Google appears to have automatically installed the COVID-19 exposure notification app for Massachusetts on some Android phones, users reported. The system is still only active if users turn it on, Google told 9to5Google.
The app, MassNotify, launched on June 15th. Many Android users said that it was silently installed on their phones without any notifications: “Ghost installed on my phone without my consent. While I believe in what this app was meant to do, installing it without so much as a notification is extremely alarming,” one user wrote in a Google Play Store review.
The feature was “automatically distributed,” Google said in a statement to 9to5Google, but users still have to actively opt in to send and receive exposure notifications.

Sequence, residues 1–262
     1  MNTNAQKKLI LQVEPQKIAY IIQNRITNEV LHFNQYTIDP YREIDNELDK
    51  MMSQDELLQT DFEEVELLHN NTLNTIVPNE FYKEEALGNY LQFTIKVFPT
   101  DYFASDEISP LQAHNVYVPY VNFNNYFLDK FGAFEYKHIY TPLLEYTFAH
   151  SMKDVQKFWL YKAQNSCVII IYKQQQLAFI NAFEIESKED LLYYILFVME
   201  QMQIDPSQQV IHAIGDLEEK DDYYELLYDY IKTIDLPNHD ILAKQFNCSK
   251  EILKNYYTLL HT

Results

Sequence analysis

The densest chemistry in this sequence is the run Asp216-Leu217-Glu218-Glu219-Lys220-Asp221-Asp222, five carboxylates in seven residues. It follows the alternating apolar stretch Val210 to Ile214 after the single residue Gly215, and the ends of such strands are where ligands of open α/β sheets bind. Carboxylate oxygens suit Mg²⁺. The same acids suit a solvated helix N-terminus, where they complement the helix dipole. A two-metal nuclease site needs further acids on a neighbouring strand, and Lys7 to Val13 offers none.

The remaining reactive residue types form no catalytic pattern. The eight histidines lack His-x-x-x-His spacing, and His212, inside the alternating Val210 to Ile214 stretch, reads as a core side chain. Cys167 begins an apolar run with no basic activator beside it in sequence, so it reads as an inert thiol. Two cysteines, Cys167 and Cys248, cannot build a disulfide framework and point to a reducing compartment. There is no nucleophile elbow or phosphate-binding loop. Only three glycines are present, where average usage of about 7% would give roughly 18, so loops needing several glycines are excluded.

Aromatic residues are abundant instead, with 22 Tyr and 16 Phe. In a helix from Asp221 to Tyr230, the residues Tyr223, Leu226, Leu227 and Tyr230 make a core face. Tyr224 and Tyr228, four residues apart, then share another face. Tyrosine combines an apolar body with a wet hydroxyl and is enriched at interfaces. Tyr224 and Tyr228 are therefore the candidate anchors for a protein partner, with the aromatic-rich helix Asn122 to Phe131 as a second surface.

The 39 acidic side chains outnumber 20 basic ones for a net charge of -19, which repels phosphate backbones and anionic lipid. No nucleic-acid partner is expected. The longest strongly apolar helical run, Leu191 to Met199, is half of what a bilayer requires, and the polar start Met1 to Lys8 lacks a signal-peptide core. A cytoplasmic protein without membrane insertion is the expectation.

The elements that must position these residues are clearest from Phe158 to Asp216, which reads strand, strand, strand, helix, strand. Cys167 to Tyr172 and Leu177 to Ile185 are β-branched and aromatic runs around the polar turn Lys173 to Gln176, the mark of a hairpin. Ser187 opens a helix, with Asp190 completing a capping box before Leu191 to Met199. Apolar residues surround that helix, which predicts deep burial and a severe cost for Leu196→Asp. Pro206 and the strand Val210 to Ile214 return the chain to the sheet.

MassNotify uses Google and Apple’s Bluetooth-based system to let users who test positive for COVID-19 alert strangers whose phones have been nearby that they may have been exposed to the virus. It was built using the Exposure Notifications Express program, which allows states to sidestep the laborious process of building their own app. Instead, their health departments can specify how and when someone should receive an alert about a possible exposure, and the companies generate the software.
On Android phones, that express process automatically creates a custom app for a state. It’s supposed to then alert Android users in the state that an application is available that they can download and install. In this case, users said that it was downloaded automatically without getting that notice.
Massachusetts is the 29th state to debut an app using the Google and Apple exposure notification tool. Around 500,000 residents signed up in the first two days after its release.